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Yen Goes Haywire While Global Stocks Fall to Fresh Lows

Yen Goes Haywire While Global Stocks Fall to Fresh Lows

Talking Points:

- Signs of significant risk aversion increased again last night as Treasury yields dropped lower and stocks sold off. The S&P has just set a fresh 21-month low.

- Chair Yellen’s Congressional testimony continues today, and this could certainly prod volatility in either direction. Remain nimble on shorter-term strategies, and for longer-term strategies, manage that exposure.

- We’re seeing major volatility in the Yen (covered in 2nd point below). Be really careful if trading anything with the Yen.

Chair Yellen’s Congressional testimony yesterday was fairly neutral. She didn’t back off of rate hikes in any way, and she alluded to global pressures being a risk for the American economy. This is very much seemed to be what the market wanted to hear: Had she backed off of rate hikes (or even just March), that could be seen as a significant sign of global weakness. If she didn’t mention global pressures that could be seen as just dangerous and risky analysis. So, she did a great job of balancing her statements while being approached with a really wide range of questions.

While she was speaking to Congress, the S&P found support and traded higher up to resistance in the most recent bear flag formation (shown below). But after she finished later in the day, stocks started falling again into the US close, and once Europe opened up in the overnight, the major selling took over once again and the S&P throttled down to a new 21-month low.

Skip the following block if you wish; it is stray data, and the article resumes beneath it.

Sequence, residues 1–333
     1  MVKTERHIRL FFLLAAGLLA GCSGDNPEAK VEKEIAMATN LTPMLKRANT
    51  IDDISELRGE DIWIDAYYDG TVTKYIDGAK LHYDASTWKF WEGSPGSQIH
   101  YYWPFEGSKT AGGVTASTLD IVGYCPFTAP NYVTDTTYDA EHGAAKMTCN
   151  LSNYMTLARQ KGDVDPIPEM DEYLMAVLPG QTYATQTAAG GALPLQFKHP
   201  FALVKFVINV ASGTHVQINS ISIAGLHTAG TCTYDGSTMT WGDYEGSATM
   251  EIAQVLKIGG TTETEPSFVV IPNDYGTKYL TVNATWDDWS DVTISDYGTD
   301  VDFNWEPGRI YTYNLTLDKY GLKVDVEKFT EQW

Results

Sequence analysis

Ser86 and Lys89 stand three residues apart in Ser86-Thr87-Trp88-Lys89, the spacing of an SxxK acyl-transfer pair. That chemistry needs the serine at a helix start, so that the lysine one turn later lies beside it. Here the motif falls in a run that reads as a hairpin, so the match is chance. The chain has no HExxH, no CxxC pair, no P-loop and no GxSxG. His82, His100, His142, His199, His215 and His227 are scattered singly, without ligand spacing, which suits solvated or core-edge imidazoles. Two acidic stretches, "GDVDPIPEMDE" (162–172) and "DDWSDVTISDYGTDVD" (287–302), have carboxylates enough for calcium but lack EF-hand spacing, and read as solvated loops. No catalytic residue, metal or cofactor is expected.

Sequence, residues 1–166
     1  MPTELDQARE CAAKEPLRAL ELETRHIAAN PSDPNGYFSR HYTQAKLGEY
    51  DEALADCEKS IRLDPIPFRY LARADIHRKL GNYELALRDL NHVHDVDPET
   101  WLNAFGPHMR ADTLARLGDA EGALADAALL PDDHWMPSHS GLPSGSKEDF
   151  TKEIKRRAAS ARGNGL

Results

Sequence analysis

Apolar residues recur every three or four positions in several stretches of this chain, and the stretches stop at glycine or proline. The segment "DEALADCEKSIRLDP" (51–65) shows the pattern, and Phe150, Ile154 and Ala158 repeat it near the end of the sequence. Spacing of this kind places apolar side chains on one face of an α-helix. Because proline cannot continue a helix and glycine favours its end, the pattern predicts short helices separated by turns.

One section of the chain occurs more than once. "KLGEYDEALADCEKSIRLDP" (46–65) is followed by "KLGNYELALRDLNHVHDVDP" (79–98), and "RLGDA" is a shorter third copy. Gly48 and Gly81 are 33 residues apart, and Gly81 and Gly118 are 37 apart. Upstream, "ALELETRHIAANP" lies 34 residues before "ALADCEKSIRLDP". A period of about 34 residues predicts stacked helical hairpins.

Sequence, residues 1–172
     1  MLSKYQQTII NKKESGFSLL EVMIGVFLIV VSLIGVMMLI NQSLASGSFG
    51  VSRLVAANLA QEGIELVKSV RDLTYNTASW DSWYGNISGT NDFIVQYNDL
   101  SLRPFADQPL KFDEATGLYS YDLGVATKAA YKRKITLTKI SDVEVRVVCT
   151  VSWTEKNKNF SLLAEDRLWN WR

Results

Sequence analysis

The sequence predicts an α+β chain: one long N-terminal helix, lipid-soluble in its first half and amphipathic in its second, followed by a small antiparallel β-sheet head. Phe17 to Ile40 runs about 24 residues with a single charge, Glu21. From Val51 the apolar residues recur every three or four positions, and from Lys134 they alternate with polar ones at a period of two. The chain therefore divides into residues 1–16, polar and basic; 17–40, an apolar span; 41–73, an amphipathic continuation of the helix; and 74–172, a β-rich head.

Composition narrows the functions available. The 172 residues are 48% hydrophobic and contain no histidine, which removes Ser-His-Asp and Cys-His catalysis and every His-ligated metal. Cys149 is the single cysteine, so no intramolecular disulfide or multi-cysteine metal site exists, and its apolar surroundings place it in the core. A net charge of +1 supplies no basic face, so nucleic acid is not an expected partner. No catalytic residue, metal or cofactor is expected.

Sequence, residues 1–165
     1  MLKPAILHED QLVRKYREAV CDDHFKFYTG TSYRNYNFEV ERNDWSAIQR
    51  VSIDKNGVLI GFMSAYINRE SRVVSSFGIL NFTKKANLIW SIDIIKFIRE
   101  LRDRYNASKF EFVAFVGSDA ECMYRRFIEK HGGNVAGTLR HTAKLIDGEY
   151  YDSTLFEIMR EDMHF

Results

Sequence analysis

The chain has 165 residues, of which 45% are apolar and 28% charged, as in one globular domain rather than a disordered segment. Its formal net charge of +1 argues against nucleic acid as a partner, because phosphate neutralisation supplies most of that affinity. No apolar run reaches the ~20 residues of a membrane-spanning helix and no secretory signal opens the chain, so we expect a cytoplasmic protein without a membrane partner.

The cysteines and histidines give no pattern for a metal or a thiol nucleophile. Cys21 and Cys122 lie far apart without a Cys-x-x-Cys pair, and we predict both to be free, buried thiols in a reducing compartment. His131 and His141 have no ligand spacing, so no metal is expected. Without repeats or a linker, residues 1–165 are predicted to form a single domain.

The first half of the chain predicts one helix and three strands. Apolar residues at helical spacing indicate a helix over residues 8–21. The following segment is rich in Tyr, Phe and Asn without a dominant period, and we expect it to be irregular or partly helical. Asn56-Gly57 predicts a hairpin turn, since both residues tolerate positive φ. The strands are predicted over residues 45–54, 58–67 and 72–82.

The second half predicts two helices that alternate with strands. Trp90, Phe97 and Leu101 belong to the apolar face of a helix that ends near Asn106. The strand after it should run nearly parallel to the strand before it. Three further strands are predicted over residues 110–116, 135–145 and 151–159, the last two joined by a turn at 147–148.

The major theme here was overall risk aversion. European banks were leading the moves lower, and the flight-to-quality run has continued to pick up: Treasury prices are spiking higher (yields lower) as investors around-the-world duck for cover. So while we may get small rallies higher in equities and other risk assets, the overall tone across global equity markets remains bearish and afraid. As we mentioned a month ago, the favored ‘buy the dip’ strategy in US stocks (on the back of QE) has turned into ‘sell the rip,’ under the premise of tighter monetary policy.

We looked at the context of this situation with some background in US equities last week with a specific focus on the S&P. The chart below is the updated version of that setup with most recent price action applied.

Created with Marketscope/Trading Station II; prepared by James Stanley

The Yen

The deeper we get into the New Year, the more obvious it becomes that we’re at an important juncture. Unfortunately, these types of observations are usually only prescient with hindsight; but when you can do something like get short the Yen at USD/JPY 80:00 in the early stages of BoJ intervention or if you can buy stocks just after a QE program is launched, you may find yourself in the comfortable position of being able to sit-in and pick-off a trend that might last for a couple years. This is why that saying ‘the trend is your friend’ is so popular even though it brutally over-simplifies matters.

The ‘turning point’ that I’m referring to is the realization in markets that more and more QE is unlikely to do anything different than what it’s already done; and this is assuming that more QE is even possible. We talked about this last September in relevance to Japan, as it was looking very unlikely that they’d have the ammunition to go for another round of QE and, given the context, Japan appeared to be one of the more vulnerable economies to a larger slowdown in China. And perhaps more to the point, because the BoJ has monetized such a large portion of the Japanese Government Bond market, they had to start buying stocks with their QE purchases in the Government Pension and Investment Fund. After the initial hit of volatility in August and September of last year, the GPIF reported a $64 Billion write down; this is a drawdown of -5.6% on a retirement/pension fund.

So, going into the December meeting, given the hit that had been recently absorbed, it didn’t seem likely that the Bank of Japan was going to do more QE. And when they didn’t, those previously strong trends of Nikkei strength and Yen weakness started to come-off with aggression. And those themes only heated up as global risk aversion continued to increase and capital was looking for anywhere ‘safe’ to flow.